The economic outlook appears very strong.
If Treasury is to be believed, then Finance Minister Grant Robertson is doing alright.
He's getting good grades. In fact, the future is so bright, he better wear shades.
Yes, that is an unnecessarily reductive pop reference, for anyone who was listening to commercial radio back in 1986.
Budget commentary last week came loaded with references to the tough economic days of 1991.
But Treasury wasn't singing the grungy, angst ridden tunes of that era. It was forecasting like it was Ferris Bueller planning a day off school.
Let's run through some of its rosy expectations, with a view to exploring where they could come unstuck.
GDP growth is forecast to be 2.9 per cent in the June year 2021, 3.2 per cent to June 2022 and 4.4 per cent to June 2023.
These suggest our per-capita GDP performance will outshine the so-called "rock-star economy" years between 2013 and 2017 - when strong growth was flattered by record population growth.
Unemployment is forecast to rise a bit this year - to 5.2 per cent - before resuming its decline to 4.2 per cent by 2024.
Meanwhile, the fiscal position is forecast to start improving sooner than expected, with core Crown debt peaking at 48 per cent of GDP in 2023.
Annual deficits start declining on a much faster path, heading for a surplus by 2027.
We should always take forecasts with a grain of salt - especially in these strange pandemic days.
The economists who make them are the first to acknowledge that.
And it's reassuring to remember that Treasury - since Covid at least - has been one of the most conservative and pessimistic economic forecasters in the country.
While these new forecasts are the most upbeat they've produced in some time, there is no reason to assume they've suddenly swung too far in the other direction.
A number of bank economists have noted that Treasury's growth forecasts are starting to fall into line with the consensus of opinion.
But as Westpac's Michael Gordon highlighted on Thursday, there is still some conservatism baked into Treasury's outlook.
Westpac and Treasury are now running with similar GDP growth expectations.
But Treasury doesn't see that growth translating to anything like the level of Crown revenue that Westpac does.
Gordon finds this a bit baffling given assumptions about increased tax take are relatively straight-forward.
"Treasury assumes that revenue relative to GDP will continue to fall in the coming years," he says.
"With the economy moving into a post-Covid upswing, we think it's more plausible that this ratio will rise, reflecting both company tax and bracket creep (as incomes rise and people move into higher income tax brackets)".
Of course, Treasury has more riding on its forecasts, they are used to setting the government's fiscal targets.
Treasury calls have a bearing on currency and interest-rate markets so it makes sense to stay on the conservative side of the ledger.
It leaves room for some downside without knocking the government's economic programme off-track.
And nobody seems to mind a surprise on the upside.
But even with that conservative approach to the revenue outlook, Treasury still makes three big calls which look bold.
First is its assumption around the pandemic.
Treasury forecasts assume "significant" progress in border reopening by the start of 2022.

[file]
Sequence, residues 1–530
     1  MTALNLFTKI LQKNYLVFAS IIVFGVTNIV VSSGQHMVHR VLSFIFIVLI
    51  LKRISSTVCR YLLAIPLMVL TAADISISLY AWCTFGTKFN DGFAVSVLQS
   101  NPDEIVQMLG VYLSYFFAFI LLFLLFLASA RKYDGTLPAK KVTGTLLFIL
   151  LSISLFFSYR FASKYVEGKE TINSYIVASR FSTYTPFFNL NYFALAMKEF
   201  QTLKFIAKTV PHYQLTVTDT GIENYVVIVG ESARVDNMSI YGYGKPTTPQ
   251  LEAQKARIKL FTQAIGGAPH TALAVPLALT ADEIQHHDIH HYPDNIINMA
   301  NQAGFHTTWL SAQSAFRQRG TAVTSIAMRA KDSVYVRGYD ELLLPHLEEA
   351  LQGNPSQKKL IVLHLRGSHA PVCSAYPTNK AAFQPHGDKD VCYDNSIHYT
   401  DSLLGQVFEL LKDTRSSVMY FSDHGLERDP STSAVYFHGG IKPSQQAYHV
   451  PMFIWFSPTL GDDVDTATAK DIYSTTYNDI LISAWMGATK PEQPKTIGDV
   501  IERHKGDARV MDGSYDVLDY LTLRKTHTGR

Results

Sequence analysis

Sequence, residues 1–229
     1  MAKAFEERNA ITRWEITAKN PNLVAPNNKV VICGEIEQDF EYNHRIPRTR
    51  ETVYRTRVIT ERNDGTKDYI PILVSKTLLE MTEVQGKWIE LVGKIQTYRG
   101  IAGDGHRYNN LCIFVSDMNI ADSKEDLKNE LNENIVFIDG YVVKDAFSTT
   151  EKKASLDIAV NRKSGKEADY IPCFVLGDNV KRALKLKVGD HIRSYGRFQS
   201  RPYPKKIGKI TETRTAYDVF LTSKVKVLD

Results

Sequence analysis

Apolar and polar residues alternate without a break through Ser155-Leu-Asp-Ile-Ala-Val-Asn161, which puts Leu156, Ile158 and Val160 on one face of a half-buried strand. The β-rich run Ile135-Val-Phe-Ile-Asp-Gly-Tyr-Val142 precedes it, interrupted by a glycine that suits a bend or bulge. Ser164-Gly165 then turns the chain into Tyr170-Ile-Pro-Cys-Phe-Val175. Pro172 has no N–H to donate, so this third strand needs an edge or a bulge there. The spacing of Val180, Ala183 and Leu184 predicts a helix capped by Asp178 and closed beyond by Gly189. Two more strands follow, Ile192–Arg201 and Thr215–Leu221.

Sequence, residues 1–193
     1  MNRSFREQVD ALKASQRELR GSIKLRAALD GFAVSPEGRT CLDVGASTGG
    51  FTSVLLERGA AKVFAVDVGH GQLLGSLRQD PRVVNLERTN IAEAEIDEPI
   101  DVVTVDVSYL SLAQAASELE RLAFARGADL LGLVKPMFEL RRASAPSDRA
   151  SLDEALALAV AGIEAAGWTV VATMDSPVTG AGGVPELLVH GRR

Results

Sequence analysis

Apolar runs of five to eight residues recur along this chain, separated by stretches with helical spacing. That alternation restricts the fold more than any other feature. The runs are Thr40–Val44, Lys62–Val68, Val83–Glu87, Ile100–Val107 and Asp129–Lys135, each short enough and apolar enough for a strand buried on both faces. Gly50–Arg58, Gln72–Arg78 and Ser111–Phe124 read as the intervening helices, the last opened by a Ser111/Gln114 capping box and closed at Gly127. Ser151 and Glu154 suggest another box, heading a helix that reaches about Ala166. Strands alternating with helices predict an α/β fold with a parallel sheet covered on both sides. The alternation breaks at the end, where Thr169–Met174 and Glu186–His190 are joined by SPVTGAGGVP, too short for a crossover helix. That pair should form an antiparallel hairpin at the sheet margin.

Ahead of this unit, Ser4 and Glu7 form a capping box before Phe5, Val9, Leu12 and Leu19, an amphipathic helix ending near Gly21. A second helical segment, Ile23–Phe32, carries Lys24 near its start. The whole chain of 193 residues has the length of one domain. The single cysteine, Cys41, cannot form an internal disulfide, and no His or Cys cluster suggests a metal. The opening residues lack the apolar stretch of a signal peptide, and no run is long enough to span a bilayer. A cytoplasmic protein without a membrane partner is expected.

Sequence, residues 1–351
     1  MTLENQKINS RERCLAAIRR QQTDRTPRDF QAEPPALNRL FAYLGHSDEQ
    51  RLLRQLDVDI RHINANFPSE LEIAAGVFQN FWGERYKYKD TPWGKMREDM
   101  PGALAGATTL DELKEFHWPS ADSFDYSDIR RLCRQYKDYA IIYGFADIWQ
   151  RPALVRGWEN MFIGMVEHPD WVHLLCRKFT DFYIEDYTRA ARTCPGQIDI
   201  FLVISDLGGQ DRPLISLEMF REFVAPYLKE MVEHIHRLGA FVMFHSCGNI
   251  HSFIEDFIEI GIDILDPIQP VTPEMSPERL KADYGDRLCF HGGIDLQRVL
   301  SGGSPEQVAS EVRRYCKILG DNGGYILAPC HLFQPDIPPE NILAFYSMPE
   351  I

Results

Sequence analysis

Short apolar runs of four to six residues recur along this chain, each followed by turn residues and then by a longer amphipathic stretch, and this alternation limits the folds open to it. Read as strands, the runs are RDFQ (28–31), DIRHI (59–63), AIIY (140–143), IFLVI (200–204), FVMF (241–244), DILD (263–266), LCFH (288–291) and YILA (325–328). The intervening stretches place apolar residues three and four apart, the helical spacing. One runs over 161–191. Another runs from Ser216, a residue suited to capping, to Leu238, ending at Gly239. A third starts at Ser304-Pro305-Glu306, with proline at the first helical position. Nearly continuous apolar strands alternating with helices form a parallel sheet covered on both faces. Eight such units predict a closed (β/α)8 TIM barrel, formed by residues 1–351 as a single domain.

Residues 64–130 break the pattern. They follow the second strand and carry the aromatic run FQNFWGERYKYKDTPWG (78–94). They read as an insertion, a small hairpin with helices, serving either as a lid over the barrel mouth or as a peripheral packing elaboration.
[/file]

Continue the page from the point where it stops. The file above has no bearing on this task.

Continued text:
Let's hope so.
Delays on that front could seriously dampen New Zealand's economic outlook.
But until those vaccinations are in our arms the risk of further Covid-19 outbreaks, lockdowns and border setbacks remains real.
Another fairly heroic assumption is that annual house-price growth will plunge from nearly 20 per cent last year to a sweet spot just above zero next year.
From there they'll track with inflation at around 2 per cent.
That's putting a lot of faith in the Government's new regulations and tax changes.
Or it's getting very lucky.
Either way there's economic risk either side of that sweet spot.
If price growth doesn't fall much then the Government will have to do something and spend more to build and increase supply.
It would also have to spend more to address ever-widening wealth inequality.
But if the market really stalls, history suggests it is more likely to fall into negative territory.
Then we'd see the reverse of the "wealth effect" as the home-owning middle classes panic and consumer spending falls.
Perhaps Treasury's biggest call, though, is on the inflation outlook.
That's the big one dividing financial markets and economists around the world right now.
Inflation is building in the global economy. That much everyone seems to agree on.
Will it be a short-term Covid phenomenon or a will it spiral and force central banks to lift interest rates faster than expected?
Treasury has backed the thinking of the US Federal Reserve and economists like Paul Krugman.
It forecasts a spike in inflation to 2.4 per cent next year before a return to entirely manageable levels.
Others - particularly those on the right - fear that the recovery boom, combined with a return to "big government" social policies will spark a return to the stubborn, economically damaging inflation of the 1970s.
If interest rates rise faster than forecast, it would likely crash financial markets and put a serious spanner in the Covid-recovery works.
Suddenly it would be out with those 1986 pop culture references and in with tunes from 1987.
That's the path that led New Zealand to the austerity of that infamous Budget in 1991.
And no one wants that.